VU
Gold-ringed Tanager Bangsia aureocincta



Taxonomy

Taxonomic source(s)
del Hoyo, J., Collar, N.J., Christie, D.A., Elliott, A., Fishpool, L.D.C., Boesman, P. and Kirwan, G.M. 2016. HBW and BirdLife International Illustrated Checklist of the Birds of the World. Volume 2: Passerines. Lynx Edicions and BirdLife International, Barcelona, Spain and Cambridge, UK.
SACC. 2005 and updates. A classification of the bird species of South America. Available at: #http://www.museum.lsu.edu/~Remsen/SACCBaseline.htm#.

IUCN Red list criteria met and history
Red List criteria met
Critically Endangered Endangered Vulnerable
- - D1

Red List history
Year Category Criteria
2020 Vulnerable D1
2017 Endangered B2ab(i,ii,iii,v)
2016 Endangered B1ab(i,ii,iii,v)
2012 Endangered B1ab(i,ii,iii,v)
2008 Endangered B1a+b(i,ii,iii,v)
2004 Endangered
2000 Endangered
1996 Vulnerable
1994 Vulnerable
1988 Threatened
Species attributes

Migratory status not a migrant Forest dependency High
Land mass type Land-mass type - continent
Average mass 42 g
Distribution

Estimate Data quality
Extent of Occurrence breeding/resident (km2) 8,000 medium
Extent of Occurrence breeding/resident (km2) 1,940
Number of locations 11-100 -
Severely Fragmented -
Population and trend
Value Data quality Derivation Year of estimate
No. of mature individuals 600-1700 poor inferred 2000
Population trend Decreasing poor suspected -
Decline (3 years/1 generation past) - - -
Decline (5 years/1 generation past) - - -
Decline (10 years/1 generation past) - - -
Decline (10 years/3 generation future) 1-9 - - -
Decline (10 years/3 generation past and future) 1-9 - - -
Number of subpopulations 2-100 - - -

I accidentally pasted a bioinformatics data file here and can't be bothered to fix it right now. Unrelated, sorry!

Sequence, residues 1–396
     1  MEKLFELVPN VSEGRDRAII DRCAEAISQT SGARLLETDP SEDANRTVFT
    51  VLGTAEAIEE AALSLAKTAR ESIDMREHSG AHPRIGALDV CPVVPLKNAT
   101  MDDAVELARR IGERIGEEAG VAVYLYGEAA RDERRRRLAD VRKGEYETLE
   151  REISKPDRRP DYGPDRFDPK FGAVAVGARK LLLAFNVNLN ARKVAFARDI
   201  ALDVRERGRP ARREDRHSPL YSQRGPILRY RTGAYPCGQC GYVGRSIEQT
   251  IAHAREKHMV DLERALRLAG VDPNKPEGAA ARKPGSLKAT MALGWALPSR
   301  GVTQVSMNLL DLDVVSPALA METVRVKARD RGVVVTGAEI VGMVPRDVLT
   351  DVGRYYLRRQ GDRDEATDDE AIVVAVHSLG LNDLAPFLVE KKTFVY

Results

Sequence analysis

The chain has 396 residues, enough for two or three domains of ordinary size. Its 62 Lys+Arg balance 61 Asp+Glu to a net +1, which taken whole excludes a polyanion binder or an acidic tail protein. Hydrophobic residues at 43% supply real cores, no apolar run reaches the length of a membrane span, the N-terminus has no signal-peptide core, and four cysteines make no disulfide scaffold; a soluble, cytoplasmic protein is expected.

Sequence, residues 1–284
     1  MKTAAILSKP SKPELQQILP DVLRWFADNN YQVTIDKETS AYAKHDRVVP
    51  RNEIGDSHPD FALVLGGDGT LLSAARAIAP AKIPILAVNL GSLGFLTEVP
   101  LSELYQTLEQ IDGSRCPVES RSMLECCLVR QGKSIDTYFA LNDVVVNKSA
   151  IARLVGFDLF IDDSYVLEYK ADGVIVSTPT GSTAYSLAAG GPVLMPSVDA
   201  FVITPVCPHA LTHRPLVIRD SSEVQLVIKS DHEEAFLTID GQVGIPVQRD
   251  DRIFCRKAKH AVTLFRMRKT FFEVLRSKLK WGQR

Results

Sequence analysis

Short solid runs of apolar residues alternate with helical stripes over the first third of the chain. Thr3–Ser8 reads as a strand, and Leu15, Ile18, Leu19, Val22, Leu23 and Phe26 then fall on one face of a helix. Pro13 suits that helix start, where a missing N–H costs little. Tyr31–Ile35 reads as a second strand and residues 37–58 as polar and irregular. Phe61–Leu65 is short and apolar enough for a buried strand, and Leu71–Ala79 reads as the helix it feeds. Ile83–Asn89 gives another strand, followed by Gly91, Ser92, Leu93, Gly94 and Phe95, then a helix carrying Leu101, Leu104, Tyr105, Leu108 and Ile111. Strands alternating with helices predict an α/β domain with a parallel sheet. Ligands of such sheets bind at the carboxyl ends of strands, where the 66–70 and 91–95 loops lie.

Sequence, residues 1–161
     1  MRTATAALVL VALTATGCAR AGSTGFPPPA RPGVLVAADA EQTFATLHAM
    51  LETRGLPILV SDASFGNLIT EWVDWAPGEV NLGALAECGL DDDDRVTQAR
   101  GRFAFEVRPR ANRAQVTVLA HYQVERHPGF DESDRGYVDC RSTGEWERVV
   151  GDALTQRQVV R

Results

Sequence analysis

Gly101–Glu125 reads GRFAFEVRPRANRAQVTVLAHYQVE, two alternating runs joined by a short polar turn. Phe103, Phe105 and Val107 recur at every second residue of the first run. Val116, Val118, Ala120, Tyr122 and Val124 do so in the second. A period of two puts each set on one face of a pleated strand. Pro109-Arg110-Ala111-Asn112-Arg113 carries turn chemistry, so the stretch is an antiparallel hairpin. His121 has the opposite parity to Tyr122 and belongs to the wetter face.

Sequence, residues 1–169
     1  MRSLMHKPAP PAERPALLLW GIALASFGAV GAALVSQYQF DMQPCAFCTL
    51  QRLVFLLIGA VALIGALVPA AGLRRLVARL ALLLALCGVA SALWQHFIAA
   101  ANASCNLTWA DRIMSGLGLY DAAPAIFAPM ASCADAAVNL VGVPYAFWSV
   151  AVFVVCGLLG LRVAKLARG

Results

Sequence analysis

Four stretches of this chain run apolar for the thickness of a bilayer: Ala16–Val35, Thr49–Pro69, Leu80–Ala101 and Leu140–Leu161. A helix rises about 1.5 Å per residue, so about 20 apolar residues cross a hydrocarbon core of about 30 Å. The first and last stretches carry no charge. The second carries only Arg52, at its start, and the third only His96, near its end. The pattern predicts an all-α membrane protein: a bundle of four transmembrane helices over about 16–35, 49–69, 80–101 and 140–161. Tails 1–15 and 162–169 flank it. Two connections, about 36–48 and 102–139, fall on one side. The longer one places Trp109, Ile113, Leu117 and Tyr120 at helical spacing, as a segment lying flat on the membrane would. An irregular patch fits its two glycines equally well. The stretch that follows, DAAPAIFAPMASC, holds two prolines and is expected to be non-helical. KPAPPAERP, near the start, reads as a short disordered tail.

Percentage in largest subpopulation 1-89 - - -

Population justification: The population is inferred to number 1,000-2,499 individuals based on an assessment of known records, descriptions of abundance and range size. This is consistent with recorded population density estimates for congeners or close relatives with a similar body size, and the fact that only a proportion of the estimated Extent of Occurrence is likely to be occupied. This is roughly equivalent to 667-1,666 mature individuals, rounded here to 600-1,700 mature individuals.

Trend justification: The population trend has not been estimated directly. The only threat known to the species is the loss of its habitat; yet forest loss within the range has been very low over the past ten years (< 1%; Global Forest Watch 2020). However, models revealed that available habitat in the species’s altitudinal range will decrease by c. 24% across Ecuador and Colombia by the end of this century (Renjifo et al. 2014). Therefore, the species is tentatively suspected to be in a slow decline, the rate of which is not thought to exceed 10% over ten years.


Country/territory distribution
Country/Territory Occurrence status Presence Resident Breeding Non-breeding Passage
Colombia N Extant Yes

Important Bird and Biodiversity Areas (IBA)
Country/Territory IBA Name
Colombia Alto de Pisones
Colombia Embalse de Punchiná y su zona de protección
Colombia Selva de Florencia
Colombia Parque Natural Regional Páramo del Duende
Colombia Parque Nacional Natural Tatamá
Colombia Serranía de los Paraguas

Habitats & altitude
Habitat (level 1) Habitat (level 2) Importance Occurrence
Forest Subtropical/Tropical Moist Montane major resident
Altitude 1600 - 2200 m Occasional altitudinal limits  

Threats & impact
Threat (level 1) Threat (level 2) Impact and Stresses
Agriculture & aquaculture Annual & perennial non-timber crops - Small-holder farming Timing Scope Severity Impact
Future Minority (<50%) Rapid Declines Low Impact: 5
Stresses
Ecosystem degradation, Ecosystem conversion
Biological resource use Logging & wood harvesting - Unintentional effects: (subsistence/small scale) [harvest] Timing Scope Severity Impact
Future Minority (<50%) Rapid Declines Low Impact: 5
Stresses
Ecosystem degradation
Energy production & mining Mining & quarrying Timing Scope Severity Impact
Future Minority (<50%) Slow, Significant Declines Low Impact: 4
Stresses
Ecosystem degradation, Ecosystem conversion
Residential & commercial development Housing & urban areas Timing Scope Severity Impact
Future Minority (<50%) Rapid Declines Low Impact: 5
Stresses
Ecosystem degradation, Ecosystem conversion

Recommended citation
BirdLife International (2021) Species factsheet: Bangsia aureocincta. Downloaded from http://www.birdlife.org on 03/12/2021. Recommended citation for factsheets for more than one species: BirdLife International (2021) IUCN Red List for birds. Downloaded from http://www.birdlife.org on 03/12/2021.